Welcome to my latest Link Love post!
Link Love is simply three links about weddings, wedding vows, ceremonies, or Savannah, GA that caught my eye this week and I want to share with y’all. I aim to share stories, tips, and information that will interest you and help you plan your wedding or elopement!
It’s been a big week for marriage equality this week, but I’ve been working on a more complex blog post on this topic. Check the blog next week for information on how Monday’s Supreme Court ruling impacts LGBT individuals in the Georgia and the lowcountry.
1. 10 Things We All Need To Do Before We Say ‘I Do’ (Huff Post Weddings)
Love this piece. A college student wrote it, but I didn’t get half of the items on this list until I was in my mid-30s. It’s a reminder that it’s always important to keep working on ourselves, and it’s never too late to make changed.
2. Getting Married is Easy (NY Times)
This is an extremely raw article from Elizabeth Wurtzel on finally falling in love at 46 after coming to a new understanding of herself. I feel like it’s an amazing companion to the HuffPost written by the emotionally secure college student
“Most people get sick and tired of being sick and tired by the time they are 28, which is the average age of marriage in the United States. I was more like 45. I guess I just love a parade. For a while before I met my fiancé, I was just alone. I indulged in boredom; I found it restful.
I cried profuse tears when my relationships failed, which was all the time. I wanted to love and be loved, but I behaved badly, and I had terrible taste. All the people who say they want to be married, but are not, are doing the same thing. All the statistics about how hard it is to find someone to love in this world — in this world of seven billion — do not account for the choices we make. We are the sum of our decisions: It’s not that luck has nothing to do with it, but rather, there is no such thing.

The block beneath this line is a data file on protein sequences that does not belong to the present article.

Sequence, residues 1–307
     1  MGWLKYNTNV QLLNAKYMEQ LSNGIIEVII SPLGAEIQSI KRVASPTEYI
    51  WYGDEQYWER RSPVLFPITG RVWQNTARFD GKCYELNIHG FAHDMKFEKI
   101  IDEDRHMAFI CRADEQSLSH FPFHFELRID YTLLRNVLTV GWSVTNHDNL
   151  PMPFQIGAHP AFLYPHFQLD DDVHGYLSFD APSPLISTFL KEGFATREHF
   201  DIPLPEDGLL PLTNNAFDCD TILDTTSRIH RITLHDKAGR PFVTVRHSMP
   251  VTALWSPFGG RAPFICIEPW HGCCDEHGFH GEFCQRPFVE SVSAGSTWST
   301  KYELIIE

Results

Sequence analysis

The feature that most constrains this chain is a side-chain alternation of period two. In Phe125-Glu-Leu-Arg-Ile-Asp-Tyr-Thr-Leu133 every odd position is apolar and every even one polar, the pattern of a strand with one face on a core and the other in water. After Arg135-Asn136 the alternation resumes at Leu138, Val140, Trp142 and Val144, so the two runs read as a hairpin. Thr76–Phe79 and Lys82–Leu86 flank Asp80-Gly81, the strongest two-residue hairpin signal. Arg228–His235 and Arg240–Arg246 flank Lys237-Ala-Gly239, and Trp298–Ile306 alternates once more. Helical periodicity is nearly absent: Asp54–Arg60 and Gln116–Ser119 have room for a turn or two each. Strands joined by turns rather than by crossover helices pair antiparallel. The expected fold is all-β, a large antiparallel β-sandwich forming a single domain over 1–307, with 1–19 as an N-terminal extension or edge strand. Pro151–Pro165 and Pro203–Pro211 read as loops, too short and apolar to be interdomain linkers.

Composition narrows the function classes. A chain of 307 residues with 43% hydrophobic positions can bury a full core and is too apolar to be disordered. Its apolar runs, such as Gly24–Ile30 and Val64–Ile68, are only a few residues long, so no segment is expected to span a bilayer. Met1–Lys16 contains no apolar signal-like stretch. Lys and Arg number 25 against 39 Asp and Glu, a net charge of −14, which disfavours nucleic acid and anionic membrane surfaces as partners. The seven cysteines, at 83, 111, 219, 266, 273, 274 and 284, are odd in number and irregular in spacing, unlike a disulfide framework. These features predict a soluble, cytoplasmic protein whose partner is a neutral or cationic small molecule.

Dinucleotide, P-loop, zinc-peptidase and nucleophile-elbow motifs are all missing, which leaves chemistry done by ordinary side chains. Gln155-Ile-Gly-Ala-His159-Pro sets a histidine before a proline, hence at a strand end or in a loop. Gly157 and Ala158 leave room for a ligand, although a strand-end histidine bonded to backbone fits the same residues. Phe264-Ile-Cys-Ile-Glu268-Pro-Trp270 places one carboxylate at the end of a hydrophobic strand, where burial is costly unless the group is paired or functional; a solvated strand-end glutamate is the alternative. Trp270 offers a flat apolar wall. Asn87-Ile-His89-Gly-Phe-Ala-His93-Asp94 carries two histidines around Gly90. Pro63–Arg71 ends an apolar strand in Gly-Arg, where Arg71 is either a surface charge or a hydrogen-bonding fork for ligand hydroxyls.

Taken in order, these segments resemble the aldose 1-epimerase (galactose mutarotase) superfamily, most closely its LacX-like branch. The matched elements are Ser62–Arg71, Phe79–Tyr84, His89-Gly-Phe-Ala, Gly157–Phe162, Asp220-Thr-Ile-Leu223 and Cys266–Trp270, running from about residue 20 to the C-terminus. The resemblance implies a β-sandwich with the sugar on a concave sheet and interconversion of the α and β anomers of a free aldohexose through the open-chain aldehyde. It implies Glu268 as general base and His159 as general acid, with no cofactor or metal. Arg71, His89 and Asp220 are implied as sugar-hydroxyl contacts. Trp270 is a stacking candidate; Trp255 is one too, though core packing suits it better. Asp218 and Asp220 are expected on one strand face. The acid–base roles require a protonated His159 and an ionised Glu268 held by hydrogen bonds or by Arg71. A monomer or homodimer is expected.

It is difficult to write a published book. It is difficult to get tenure in the astrophysics department at Berkeley. It is difficult to win the Heisman Trophy. But it is easy to get married: about 90 percent of Americans still do at some time in their lives. No self-help industry is required. People who want to get married stop behaving like fools for love and start acting intelligently. It is as simple as wanting to be happy.”
3. Do Men in Traditional Marriages Block Women’s Advancement? (Harvard Business Review)
In America, marriage is so much more than your relationship with your spouse. It impacts your relationship with the government, and how well you do your in your career. It’s important to be aware of this as a woman.
Spoiler alert: the answer to the title of the article is yes. Men whose wives did not work were more likely to negatively rate female employees who were married than men with wives who did work. Think about that the next time you’re job searching and evaluating if your new boss is going to be good for your career.